Online retailer Amazon is trialling a grocery delivery service in the US. Should UK retailers be bracing themselves for total war in the convenience sector?
Amazon’s recent launch of a grocery delivery service in the US could send shockwaves through the convenience supermarket and FMCG communities if it is successful.
Currently being trialled for 90 days in Los Angeles and Seattle, AmazonFresh allows people to get their groceries sent to them for free on the same day as they are ordered – as long as they spend at least $35 and are Amazon Prime customers.
There certainly seems to be a gap in the market for such a service, according to research shown to Marketing Week, which reveals that 75 per cent of the money spent by households on groceries goes to bricks-and-mortar stores because a large proportion of cash goes on food to be eaten on the same day or by people doing top up shopping.
While 40 per cent of the money spent on goods in supermarkets is for a main shop, whether online or offline, 37 per cent goes on top-up shops, according to the figures from Kantar Worldpanel, suggesting that if the Amazon trial works and comes to the UK, it could dent the convenience or top-up market that most supermarkets are chasing.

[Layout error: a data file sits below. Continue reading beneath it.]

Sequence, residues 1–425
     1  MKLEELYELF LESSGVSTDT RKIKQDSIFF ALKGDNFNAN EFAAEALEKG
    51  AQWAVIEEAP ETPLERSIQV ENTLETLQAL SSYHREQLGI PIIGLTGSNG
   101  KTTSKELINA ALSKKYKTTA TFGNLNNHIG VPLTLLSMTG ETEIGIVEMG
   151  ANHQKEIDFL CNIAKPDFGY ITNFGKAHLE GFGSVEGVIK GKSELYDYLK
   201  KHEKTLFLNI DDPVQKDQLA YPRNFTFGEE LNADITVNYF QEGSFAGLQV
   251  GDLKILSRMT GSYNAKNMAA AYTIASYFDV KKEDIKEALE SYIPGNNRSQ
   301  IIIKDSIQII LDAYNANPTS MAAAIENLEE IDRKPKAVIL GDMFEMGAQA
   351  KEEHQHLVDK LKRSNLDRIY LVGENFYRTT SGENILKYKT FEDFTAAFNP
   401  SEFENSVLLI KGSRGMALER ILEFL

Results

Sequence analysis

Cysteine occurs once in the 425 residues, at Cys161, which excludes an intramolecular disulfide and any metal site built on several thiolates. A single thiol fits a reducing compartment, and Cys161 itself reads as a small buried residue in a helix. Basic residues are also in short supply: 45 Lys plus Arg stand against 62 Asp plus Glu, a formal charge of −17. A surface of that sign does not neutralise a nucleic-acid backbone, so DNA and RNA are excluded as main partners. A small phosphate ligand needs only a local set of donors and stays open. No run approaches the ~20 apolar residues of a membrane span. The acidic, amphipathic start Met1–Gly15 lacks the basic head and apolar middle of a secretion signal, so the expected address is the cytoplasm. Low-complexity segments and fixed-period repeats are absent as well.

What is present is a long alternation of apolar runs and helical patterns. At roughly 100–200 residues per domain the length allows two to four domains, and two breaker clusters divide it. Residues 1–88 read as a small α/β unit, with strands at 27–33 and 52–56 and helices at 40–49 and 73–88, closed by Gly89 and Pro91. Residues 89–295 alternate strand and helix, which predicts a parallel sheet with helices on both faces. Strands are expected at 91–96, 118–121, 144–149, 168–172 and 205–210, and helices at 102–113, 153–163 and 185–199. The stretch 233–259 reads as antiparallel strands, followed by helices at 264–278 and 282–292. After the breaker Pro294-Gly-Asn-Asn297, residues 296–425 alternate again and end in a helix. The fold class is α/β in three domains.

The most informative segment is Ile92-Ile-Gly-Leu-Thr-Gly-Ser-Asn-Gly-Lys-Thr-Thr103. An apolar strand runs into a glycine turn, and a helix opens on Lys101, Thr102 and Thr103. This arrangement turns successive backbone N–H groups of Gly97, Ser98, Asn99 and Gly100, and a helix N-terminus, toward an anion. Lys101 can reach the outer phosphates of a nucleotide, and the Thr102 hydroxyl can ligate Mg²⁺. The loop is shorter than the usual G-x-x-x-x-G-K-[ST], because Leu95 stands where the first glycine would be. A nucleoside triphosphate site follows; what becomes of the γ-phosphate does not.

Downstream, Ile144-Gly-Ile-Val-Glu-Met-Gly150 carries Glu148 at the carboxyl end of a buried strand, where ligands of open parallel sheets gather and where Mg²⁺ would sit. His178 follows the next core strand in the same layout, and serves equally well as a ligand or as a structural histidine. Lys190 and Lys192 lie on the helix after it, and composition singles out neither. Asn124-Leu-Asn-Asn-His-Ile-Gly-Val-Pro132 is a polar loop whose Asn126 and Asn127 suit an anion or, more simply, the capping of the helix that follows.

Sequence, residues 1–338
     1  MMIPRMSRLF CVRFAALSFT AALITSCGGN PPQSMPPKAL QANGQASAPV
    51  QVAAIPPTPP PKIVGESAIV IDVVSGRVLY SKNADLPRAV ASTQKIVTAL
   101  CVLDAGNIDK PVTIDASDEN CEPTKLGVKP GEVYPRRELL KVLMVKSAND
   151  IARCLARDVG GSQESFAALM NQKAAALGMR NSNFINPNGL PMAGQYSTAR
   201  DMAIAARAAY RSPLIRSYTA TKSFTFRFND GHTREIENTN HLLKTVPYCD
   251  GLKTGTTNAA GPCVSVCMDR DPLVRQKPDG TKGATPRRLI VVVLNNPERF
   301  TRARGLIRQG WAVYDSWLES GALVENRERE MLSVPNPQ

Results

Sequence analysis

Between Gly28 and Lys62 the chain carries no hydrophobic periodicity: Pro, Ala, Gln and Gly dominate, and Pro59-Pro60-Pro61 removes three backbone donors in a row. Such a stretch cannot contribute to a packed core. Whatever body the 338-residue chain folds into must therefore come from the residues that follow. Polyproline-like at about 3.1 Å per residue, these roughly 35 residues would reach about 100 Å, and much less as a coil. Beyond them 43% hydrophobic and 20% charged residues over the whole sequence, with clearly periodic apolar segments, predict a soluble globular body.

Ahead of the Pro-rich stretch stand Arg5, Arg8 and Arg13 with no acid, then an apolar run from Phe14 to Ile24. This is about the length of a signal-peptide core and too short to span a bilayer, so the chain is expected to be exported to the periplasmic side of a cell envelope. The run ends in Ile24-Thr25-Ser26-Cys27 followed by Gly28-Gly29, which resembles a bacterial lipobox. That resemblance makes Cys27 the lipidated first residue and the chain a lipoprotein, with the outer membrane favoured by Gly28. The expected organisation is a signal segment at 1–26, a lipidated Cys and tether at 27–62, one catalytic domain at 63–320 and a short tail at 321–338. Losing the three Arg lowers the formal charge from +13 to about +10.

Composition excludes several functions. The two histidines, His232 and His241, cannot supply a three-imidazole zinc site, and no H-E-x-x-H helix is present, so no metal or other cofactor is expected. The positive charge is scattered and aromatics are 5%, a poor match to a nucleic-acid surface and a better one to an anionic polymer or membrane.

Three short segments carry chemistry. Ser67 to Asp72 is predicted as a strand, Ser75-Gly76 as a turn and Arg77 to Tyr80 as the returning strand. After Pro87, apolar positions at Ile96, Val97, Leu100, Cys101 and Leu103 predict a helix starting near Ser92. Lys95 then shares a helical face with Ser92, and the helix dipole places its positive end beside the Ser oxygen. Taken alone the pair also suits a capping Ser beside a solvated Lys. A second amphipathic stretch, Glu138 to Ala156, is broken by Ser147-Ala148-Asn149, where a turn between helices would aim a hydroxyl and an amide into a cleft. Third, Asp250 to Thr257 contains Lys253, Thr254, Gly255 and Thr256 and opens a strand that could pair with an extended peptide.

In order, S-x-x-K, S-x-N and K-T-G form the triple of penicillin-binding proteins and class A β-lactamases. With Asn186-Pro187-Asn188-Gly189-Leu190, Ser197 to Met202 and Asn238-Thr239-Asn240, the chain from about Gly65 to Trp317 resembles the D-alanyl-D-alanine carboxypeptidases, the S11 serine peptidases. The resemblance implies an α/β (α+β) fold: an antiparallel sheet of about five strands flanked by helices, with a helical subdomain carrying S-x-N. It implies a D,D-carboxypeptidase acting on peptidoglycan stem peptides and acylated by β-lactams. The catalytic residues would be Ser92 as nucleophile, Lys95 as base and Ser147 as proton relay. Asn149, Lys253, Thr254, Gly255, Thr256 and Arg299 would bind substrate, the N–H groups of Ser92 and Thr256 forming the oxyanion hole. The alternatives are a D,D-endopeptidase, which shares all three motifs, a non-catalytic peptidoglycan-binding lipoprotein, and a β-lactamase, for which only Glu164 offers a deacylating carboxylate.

Morrisons, for example, is to open a new distribution centre in Lancashire specifically for deliveries to its M Local shops, of which it plans to open 100 by the end of 2014. Earlier this year, the supermarket bought more than 60 sites from Blockbuster, HMV and Jessops to convert into convenience stores, and it will also launch a delivery service with Ocado.
Meanwhile, Waitrose will have 10 smaller shops in London by the end of 2013 after launching its Little Waitrose format in Kensington in 2011.
“AmazonFresh is potentially a game-changer. If something dramatically changed whereby it was convenient and affordable for shoppers to top up their groceries online, then there could be chunks of the [UK] population that would do this,” says Kantar Worldpanel expert solutions director Phil Dorsett.